We headed to bed early because we knew we wanted to get up early to beat morning crowds. We decided to go to Disneyland Paris because we thought a Wednesday would be less crowded, and I needed a non-museum day. After delicious pastries at the local shop we headed out there and were able to get there about 10 minutes after the park opened. Now that they have fast pass, it’s much easier to do the park. We were able to go on everything we wanted to without having to rush--we stopped and had a two-hour lunch at The Blue Lagoon--their version of the Blue Bayou in Disneyland. It was really good food, and we sat and talked and laughed, and had a good time. They just started a new fireworks show, “The Enchanted Fireworks” that they’ve been talking a lot about lately and how great it is. Well, it was ok, but nothing like Wishes, or even anything at Disneyland. But it was still fun. And Fantillusion, their night parade, was really good. While we were waiting for the parade two little girls rolled up in their strollers that their moms were pushing. I guess they were 4-5 years old. The one that was sitting right next to me was adorable. Slightly curly hair, and BIG blue eyes, and a little bit of that little-kid lisp. After I smiled at her she started talking to me. I said to her in French that I don’t speak French. She said, that’s ok, I do. And she did. We tried to communicate, and we did pretty good. She’d touch my shoulder and say, “look, mister” and point out something. Her new Simba doll, or her bike/stroller. We sat and talked as best we could for about 30 minutes. I wish I’d taken a picture of her, but thought it would be a weird request of her mom. It was a fun day, and I got to go on all the rides that I’d hoped to. But it was another day of a lot of walking. We left the hotel at around 9:00 and didn’t get back until almost 1:00.
Yesterday we went to Versailles. It’s about a 20-minute train ride outside of Paris and then a 5-minute walk to the gates. And then about an hour line to buy tickets. Well, not quite an hour. We opted for the guided-tour in English so we could skip the main line, but it didn’t save us much time in the long run. It did, however, get us a tour guide who explained a lot about the palace (former hunting lodge), and the history. Much of the original furnishings were sold at auction after the revolution and while some have been able to be bought back, others haven’t. So a lot of the furnishings are just period-correct, if not correct to that actual palace. It was pretty, and large. Not quite so over-the-top like Peterhof, though. The hall of mirrors was perhaps my favorite part of the palace--or maybe the chapel. The grounds, however, were something of a letdown because none of the fountains were going. The sculptures were still very pretty. And the grounds massive, and beautifully landscaped. We bought the DVD so we can see it when it’s really going, we hope.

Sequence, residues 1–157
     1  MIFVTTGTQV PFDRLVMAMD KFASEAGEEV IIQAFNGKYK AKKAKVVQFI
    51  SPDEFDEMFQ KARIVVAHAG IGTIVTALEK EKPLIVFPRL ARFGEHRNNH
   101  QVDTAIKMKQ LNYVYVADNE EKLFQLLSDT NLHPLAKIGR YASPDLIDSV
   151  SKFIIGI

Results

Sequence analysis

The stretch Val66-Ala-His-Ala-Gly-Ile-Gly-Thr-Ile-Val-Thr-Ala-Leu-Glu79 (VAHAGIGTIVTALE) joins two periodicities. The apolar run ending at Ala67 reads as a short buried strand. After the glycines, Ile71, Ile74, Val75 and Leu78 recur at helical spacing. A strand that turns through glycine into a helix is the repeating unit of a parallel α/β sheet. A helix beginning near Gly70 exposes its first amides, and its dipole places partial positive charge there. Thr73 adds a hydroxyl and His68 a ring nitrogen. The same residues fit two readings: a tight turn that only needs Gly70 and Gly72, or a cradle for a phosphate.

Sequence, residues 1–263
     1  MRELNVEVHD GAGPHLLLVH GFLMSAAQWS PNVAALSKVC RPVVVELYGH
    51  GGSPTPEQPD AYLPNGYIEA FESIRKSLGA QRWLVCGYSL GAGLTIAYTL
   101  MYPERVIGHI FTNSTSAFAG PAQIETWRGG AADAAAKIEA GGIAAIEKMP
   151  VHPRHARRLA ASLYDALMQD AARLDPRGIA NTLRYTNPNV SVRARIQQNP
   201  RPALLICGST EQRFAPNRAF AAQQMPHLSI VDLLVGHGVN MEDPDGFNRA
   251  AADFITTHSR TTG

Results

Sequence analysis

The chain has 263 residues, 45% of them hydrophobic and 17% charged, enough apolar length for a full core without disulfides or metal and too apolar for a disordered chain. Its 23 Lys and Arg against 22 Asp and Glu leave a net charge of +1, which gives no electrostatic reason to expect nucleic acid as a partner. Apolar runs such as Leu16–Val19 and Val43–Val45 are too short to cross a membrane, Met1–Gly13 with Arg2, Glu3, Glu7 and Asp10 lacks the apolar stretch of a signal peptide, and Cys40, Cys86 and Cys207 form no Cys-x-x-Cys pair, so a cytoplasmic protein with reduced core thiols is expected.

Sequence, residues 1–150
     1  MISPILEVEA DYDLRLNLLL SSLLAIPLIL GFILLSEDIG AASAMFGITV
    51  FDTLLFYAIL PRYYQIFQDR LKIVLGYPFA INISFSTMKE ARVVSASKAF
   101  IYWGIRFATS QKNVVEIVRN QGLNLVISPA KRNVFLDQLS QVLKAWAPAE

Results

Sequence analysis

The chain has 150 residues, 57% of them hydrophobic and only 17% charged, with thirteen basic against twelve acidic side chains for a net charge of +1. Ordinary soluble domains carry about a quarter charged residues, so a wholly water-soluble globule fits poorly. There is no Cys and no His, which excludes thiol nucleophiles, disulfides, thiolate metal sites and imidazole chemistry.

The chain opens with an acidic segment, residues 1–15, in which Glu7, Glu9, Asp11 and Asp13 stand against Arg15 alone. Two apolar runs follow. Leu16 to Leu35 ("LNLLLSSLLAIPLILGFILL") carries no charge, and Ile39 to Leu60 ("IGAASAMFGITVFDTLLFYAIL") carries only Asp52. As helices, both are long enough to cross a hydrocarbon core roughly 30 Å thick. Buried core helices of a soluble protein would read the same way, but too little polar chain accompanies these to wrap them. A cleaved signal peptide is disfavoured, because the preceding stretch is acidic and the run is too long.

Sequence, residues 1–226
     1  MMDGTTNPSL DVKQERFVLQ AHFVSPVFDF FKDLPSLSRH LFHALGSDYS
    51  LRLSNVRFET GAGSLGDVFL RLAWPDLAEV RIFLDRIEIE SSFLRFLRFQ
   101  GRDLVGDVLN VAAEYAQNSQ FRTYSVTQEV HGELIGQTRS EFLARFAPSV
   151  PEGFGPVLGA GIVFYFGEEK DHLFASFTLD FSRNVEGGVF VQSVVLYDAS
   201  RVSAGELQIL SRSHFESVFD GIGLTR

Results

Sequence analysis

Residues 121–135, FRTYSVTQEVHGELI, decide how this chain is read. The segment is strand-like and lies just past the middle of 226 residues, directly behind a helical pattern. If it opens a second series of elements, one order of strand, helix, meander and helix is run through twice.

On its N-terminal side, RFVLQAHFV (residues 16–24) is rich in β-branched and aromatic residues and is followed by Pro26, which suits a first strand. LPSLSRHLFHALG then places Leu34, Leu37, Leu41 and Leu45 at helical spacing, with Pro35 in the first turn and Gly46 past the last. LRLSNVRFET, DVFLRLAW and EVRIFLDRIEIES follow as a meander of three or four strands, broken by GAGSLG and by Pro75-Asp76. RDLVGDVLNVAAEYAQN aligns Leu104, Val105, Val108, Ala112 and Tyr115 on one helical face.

Today was the Louvre. On the way I got a voicemail from Dad at Ivy’s house at 2:00 in the morning their time….Justin died last night at 10:00 Utah time. Ivy says he went peacefully and that she and Kathleen and Eric were there. She’s upset, but ready for it, but that doesn’t make it easy. We talked a bit, but she needed sleep.
The Louvre was the Louvre. Massive. Impressive. Tiring. Our poor feet. We got in early, and were able to beat a lot of the crowds for buying tickets and whatnot. First thing we did was go see the Mona Lisa just to get it done with before everyone got there. They’d moved it into a new room since my last visit, so I walked right by it at first. The new room is nice, and several other period pieces surround it. But we didn’t stay long. We went back to the beginning and looked around. We spent a lot of time with sculptures, which is where I’m really leaning lately in my art appreciation. We did go and see the Lacemaker and the Astronomer by Vermeer, and the other dutch masters. I was able to find a few new people I really liked, but I’d have to look at the placard pictures I took to remember who they were. But like I said, I spent a lot of time looking at sculpture. We spent 8 hours in the museum, which was another long day on our feet. We walked through the Jardin de Tuilliers, and then through the Place de la Concorde, then up to the Madeleine cathedral when we decided to call it a day.
When we got back, Ivy was online and we chatted. We’re going to cut our trip short and come home on Sunday. I’m not upset about it. We’ve had a great trip, and it’s important that we be there in plenty of time for the viewing and funeral. Paris is great, but it’s not going anywhere. We have one more day tomorrow, and we plan to do the Musee de Orsay and the Notre Dame tower hike.
I’ll be sad to leave, but that’s true regardless of when I leave. I’ve very much enjoyed not worrying about work.